Litha

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History of Litha (MidSummer)

Also known as Summer Solstice, Litha, Alban Hefin, Sun Blessing, Gathering Day, Feill-Sheathain, Whit Sunday, Whitsuntide, Vestalia, Thing-tide, St. John's Day

In addition to the four great festivals of the Pagan Celtic year, there are four lesser holidays as well: the two solstices, and the two equinoxes. In folklore, these are referred to as the four 'quarter-days' of the year, and modern Witches call them the four 'Lesser Sabbats', or the four 'Low Holidays'. The Summer Solstice is one of them.

Litha is usually celebrated on June 21st, but varies somewhat from the 20th to the 23rd, dependant upon the Earth's rotation around the Sun. According to the old folklore calendar, Summer begins on Beltane (May 1st) and ends on Lughnassadh (August 1st), with the Summer Solstice midway between the two, marking MID-Summer. This makes more logical sense than suggesting that Summer begins on the day when the Sun's power begins to wane and the days grow shorter. The most common other names for this holiday are the Summer Solstice or Midsummer, and it celebrates the arrival of Summer, when the hours of daylight are longest. The Sun is now at the highest point before beginning its slide into darkness.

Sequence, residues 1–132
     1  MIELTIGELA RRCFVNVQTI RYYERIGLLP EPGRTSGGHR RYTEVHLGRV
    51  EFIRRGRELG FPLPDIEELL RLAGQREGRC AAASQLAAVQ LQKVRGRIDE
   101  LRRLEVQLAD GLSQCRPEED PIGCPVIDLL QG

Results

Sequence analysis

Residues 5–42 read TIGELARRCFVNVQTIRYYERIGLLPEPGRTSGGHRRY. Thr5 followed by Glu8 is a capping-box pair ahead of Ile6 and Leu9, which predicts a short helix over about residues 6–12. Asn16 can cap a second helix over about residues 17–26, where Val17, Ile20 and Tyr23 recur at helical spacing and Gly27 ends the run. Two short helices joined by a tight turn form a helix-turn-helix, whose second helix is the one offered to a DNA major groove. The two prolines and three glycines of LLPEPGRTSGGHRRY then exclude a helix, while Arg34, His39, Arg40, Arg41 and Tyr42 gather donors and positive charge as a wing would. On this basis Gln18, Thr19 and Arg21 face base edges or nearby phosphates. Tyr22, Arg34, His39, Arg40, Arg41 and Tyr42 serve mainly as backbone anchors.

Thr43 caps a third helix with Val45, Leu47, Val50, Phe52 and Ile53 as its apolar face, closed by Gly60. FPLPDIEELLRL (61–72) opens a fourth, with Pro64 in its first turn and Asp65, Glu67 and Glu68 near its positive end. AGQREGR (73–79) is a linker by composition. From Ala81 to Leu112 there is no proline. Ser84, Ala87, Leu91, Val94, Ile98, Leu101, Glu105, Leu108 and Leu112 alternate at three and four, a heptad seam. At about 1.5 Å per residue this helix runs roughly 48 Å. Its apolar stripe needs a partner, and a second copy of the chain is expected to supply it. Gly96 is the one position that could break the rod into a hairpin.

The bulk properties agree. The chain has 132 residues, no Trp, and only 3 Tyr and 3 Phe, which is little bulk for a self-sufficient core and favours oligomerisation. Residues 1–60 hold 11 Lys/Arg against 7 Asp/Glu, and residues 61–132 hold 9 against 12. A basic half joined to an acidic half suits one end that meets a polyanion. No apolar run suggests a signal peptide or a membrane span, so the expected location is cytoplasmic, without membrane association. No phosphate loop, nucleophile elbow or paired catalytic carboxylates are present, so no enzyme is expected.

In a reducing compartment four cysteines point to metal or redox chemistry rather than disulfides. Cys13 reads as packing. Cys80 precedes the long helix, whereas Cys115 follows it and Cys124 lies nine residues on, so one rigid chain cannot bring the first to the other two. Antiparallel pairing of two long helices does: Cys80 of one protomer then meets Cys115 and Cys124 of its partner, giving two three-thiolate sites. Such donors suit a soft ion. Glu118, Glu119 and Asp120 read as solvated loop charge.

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Beltane celebrates fertility and fire. Fire festivals are a big part of Beltane celebrations, as is dancing around the May Pole. Here is a very interesting page I found with a lot of wonderful Beltane lore on it.

Lore
May is the time of fertility and new beginnings after a long winter. The Faeries are afoot! They dance in the hills and roll in the grass, reveling in the joy of warm May breezes. Our spirits are high with the lust and heartiness of spring. New life is stirring and appetites are keen. -Laurie Cabot, Celebrate the Earth
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An Ancient Solar Celebration:
Nearly every agricultural society has marked the high point of summer in some way, shape or form. On this date – usually around June 21 or 22 – the sun reaches its zenith in the sky. It is the longest day of the year, and the point at which the sun seems to just hang there without moving – in fact, the word “solstice” is from the Latin word solstitium, which literally translates to “sun stands still.” The travels of the sun were marked and recorded. Stone circles such as Stonehenge were oriented to highlight the rising of the sun on the day of the summer solstice.

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